G7 countries have agreed to make climate reporting mandatory for corporate entities in line with the recommendations of the global Taskforce on Climate-related Financial Disclosures (TCFD).
G7 finance ministers made the decision to make it mandatory for corporates to report climate impacts and investment decisions, and also agreed on new measures to strengthen central company beneficial ownership registries to help tackle environmental crime.
No date has yet been set for the introduction of mandatory disclosure but international agreement could be reached ahead of this November’s COP26 in Glasgow.
“We support moving towards mandatory climate-related financial disclosures that provide consistent and decision-useful information for market participants,” G7 finance ministers said in the final communique.
“This will help mobilise the trillions of dollars of private sector finance needed and reinforce government policy to meet our net-zero commitments.”
The UK outlined plans to mandate climate disclosure back in November last year – the first major nation to make such an announcement.
The outline proposals would see any company with more than 500 employees and more than £500m in annual turnover in the UK disclose potential risks associated with climate change and the net-zero transition in their annual reports. It is estimated more than 1,500 companies will be affected by the measures.
A consultation from the Department for Business, Energy and Industrial Strategy (BEIS) has now been launched with a view to implementing proposals from April 2022.
Finance ministers at the G7 meeting also backed work by the International Financial Reporting Standards Foundation that will seek to develop a new global standard for sustainability reporting that builds on the TCFD framework.
And they supported the launch of the Taskforce on Nature-related Financial Disclosures (TNFD) which aims to align corporate reporting and spending to alleviate nature-related risks.
Chancellor Rishi Sunak said: “This is a truly historic agreement and I’m proud the G7 has shown collective leadership at this crucial time in our global economic recovery.”
Erkki Liikanen, chair of the IFRS Foundation Trustees, said: “We welcome the G7 Finance Ministers’ support for our work to develop the global baseline of sustainability-related financial disclosures and our ongoing dialogue with key stakeholders regarding the proposed establishment of an International Sustainability Standards Board ahead of COP26.”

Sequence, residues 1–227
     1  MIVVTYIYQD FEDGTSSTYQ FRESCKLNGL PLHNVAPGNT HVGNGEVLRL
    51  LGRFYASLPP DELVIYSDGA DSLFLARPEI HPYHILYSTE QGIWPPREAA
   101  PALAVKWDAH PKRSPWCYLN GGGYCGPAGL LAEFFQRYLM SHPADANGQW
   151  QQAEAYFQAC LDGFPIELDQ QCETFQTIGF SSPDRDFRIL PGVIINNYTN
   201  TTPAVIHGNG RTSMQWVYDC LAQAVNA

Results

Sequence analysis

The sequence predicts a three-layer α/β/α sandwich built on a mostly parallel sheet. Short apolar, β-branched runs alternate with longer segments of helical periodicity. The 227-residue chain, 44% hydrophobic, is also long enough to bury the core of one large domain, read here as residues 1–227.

Lord Karan Bilimoria, president of the CBI, said: “Finance has a critical role to play in driving an inclusive recovery as well as helping businesses across sectors respond to the climate crisis and social challenges. Increasing international alignment across sustainable finance regulatory and policy frameworks should be at the forefront of any and all plans.
“As hosts of G7 and COP26, it is great to see the UK must pick up the mantle on this global agenda which will help build sustainability for all.”
Catherine McGuinness, deputy chair of the International Regulatory Strategy Group, said: “We welcome the presidency’s commitments on tackling climate change announced by the Chancellor. The IRSG called in our recent report for tackling gaps in TCFD adoption amongst jurisdictions to be a priority, so it is very encouraging to see moves by the G7 towards mandatory climate-related financial disclosures based on the TCFD framework.
“This is an important step forward, and one that will help create a pathway to a successful COP26 in Glasgow and pave the road to deliver net-zero emissions globally. Similarly, we are pleased to see the G7 taking steps to tackle illicit finance and environmental crimes.”
Shaun Spiers, executive director of the Green Alliance, said: “It is good to see finance ministers starting to integrate climate and biodiversity into their economic thinking. Requiring companies and banks to report their impact on climate change marks important progress towards making economies more sustainable. Recognising the importance of the Dasgupta review is the first step to considering the true value of nature to the public purse.
“We now need these major economies to invest heavily in a green recovery and support developing countries to do the same.”